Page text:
For most kids Halloween is synonymous with candy, but for Roxy Klein, candy has always been an all-year round affair. Roxy, 35, is known as Candy Creator at Can You Imagine That! Inc., the $1 million plus candy manufacturing company she co-owns with her dad, David Klein, the man behind Jelly Belly jellybeans.
Growing up in a real life candy land provided Roxy with an up close and personal education in crafting unique, tasty treats. According to her dad, since the age of three, Roxy has been coming up with new and imaginative candy product ideas. Since then, she has become known for her innovative and original novelty creations that now fill candy store shelves around the country.
Not all of Roxy’s creations are cheerful though, some are downright zany and definitely have a high gross-out factor. Blood Sucking Sour Candy Blood Vials, Gummy Bacon & Eggs, and Sour Cherry Pink Liquid Eye Pus, are only just a few examples of what’s dreamed up at the company’s 9,500 square-foot headquarters in Covina, California.
We caught up with Roxy to get the scoop on growing up in the world of crazy confections and what it’s like to be a Candy Creator.
10 Questions with Roxy Klein
What is your role at Can You Imagine That! Inc.?
RK: My main role as Candy Creator at Can You Imagine That! Inc., is to create new candy products, and market them. From inspiration, to sourcing supplies, to tasting and photographing them, I have a role in it all. After the new products are ready to go, it’s my also my job to find the right customers for the products.
When did you get your start in creating candy?
RK: I started developing candy ideas for my own company at the age of 3! But, the first product that I created, which went into production, was Sandy Candy,”The Original Sand Art That You Can Eat”… that was in 1996, my senior year of high school.
You come from candy royalty, what was it like growing up around so much candy?
RK: Although probably a dream fo most kids, growing up around candy was very normal for me. Actually, it is kind of ironic, since I was around candy all the time I did not crave it or overeat it at all. My parents always let me eat whatever I wanted. They worked very hard at making sure I grew up normally, and I guess since I still enjoy candy and vegetables, they did something right!
Where do you come up with your ideas? What inspires you?
RK: My mind is constantly working to come up with ideas. I am inspired by everything around me. New concepts sometimes goes through 3-4 stages before a product is perfected. The key is to always keep an open mind and always keep thinking.
How does a new idea turn into an actual product?
RK: My Dad started a tradition where we write our ideas down on paper plates (so the ideas can’t get lost on scraps of paper). So, step one after thinking up the idea, is to write it down. After that, we figure out costs and determine if the item is practical and feasible to create. If those aspects work out, we can have the new product in production in just 1-2 weeks. It’s a fast paced industry and you have to keep up and churn out new items all of the time.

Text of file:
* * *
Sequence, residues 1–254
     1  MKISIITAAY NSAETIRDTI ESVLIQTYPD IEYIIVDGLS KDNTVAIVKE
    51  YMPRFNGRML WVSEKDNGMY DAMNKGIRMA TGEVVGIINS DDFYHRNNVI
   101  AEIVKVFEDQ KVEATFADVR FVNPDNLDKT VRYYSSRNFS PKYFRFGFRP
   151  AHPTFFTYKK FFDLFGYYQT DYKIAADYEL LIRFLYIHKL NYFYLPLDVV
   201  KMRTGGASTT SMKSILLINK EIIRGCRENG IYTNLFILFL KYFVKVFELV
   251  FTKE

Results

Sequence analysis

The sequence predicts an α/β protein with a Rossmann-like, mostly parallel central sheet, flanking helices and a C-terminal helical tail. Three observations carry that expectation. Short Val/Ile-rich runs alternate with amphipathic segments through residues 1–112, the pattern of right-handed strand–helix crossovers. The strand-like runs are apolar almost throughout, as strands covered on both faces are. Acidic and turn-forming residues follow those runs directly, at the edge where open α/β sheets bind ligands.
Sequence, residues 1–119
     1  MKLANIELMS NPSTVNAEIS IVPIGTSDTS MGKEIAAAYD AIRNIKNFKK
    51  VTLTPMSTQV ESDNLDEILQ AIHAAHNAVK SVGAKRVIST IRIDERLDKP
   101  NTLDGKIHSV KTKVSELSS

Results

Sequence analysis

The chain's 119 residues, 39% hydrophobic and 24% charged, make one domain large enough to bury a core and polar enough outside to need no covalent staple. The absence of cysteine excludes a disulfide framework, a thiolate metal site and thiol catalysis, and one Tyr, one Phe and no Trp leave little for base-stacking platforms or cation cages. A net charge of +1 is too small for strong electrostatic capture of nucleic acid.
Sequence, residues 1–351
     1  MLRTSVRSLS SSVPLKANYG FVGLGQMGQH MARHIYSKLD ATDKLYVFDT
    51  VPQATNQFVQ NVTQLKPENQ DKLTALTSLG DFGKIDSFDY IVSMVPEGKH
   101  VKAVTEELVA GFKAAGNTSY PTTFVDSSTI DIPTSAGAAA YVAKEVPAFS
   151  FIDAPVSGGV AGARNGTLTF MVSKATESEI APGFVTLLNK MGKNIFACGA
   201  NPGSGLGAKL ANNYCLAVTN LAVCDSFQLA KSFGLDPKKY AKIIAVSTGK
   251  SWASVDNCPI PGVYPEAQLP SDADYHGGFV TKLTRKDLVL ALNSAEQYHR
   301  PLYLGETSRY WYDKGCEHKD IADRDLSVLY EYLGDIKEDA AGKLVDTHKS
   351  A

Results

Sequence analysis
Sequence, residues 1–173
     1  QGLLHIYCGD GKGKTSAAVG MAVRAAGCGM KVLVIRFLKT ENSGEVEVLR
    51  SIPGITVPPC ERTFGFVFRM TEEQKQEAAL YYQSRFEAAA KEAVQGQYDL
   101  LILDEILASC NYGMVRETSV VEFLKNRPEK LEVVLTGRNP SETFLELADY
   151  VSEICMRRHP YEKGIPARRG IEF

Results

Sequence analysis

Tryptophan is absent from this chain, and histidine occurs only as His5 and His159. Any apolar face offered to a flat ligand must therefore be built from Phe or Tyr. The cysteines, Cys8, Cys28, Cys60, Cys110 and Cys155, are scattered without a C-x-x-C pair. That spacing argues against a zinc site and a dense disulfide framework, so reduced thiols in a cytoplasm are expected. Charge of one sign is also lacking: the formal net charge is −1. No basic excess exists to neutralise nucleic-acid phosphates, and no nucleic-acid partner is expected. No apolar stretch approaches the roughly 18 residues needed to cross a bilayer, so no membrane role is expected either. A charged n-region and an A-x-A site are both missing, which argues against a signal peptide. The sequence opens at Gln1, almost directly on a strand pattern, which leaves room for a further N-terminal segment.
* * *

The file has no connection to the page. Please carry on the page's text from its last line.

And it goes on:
What’s your favorite type of candy?
RK: Wow, that’s actually a really tough question for me, since I really do enjoy all candies. If I have to narrow it down to one, I would say Roxy Candy. Not because it is named after me, but because it is brightly colored, crunchy, great tasting, and it’s fat free, so I don’t feel guilty indulging!
Is there one kind of candy that has been shelved that you would like to see back on the market?
RK: Yes, I really loved Mars Bars. The Snickers with Almonds is very similar, but growing up I have some great memories of Mars Bars, so it would be awesome to be able to eat one again.
If you weren’t creating candy, what would your dream career be?
RK: Actually, creating candy is my dream career, but anywhere where I can bring my ideas to life, would interest me. Since most of my interests and ideas revolve around food, I would definitely stay in the epicurean world.
What advice do you have for someone wanting to break into the confectionery industry?
RK: My advice to breaking into the confectionery industry is to think about the big picture. Other than the initial idea, it is important to consider all aspects of a new product. Production and cost of manufacturing are two key points to always be thinking about.
Gummy brains, and bacon & eggs have been some of your latest hits, what’s the next great thing we can expect to see?
RK: We are currently starting to offer private labels on a majority of our products. This is really fantastic since it turns the candy into a souvenir. Candy stores can get their logo, name, city name, etc. printed on the label. I personally love souvenirs, and of course I love candy, so combining the two is very exciting for me. In addition to exploring the souvenir angle, we are also offering candies for promotional purposes. Our items are fantastic for trade shows and all kinds of marketing purposes for companies to get new clients.
Roxy’s Thoughts On Halloween
What does Halloween mean to you?
RK: Halloween is a fun holiday. Every year, my family and I open up our respective houses to trick-or-treaters and set up a table in the garage. We treat it like a carnival, and let everyone make their own candy sand art. It’s a good time for all. Kids come from surrounding cities, and have their parents drive them, since they live too far to walk. Every year, we have over 500 trick-or-treaters, and hand out over 750 items.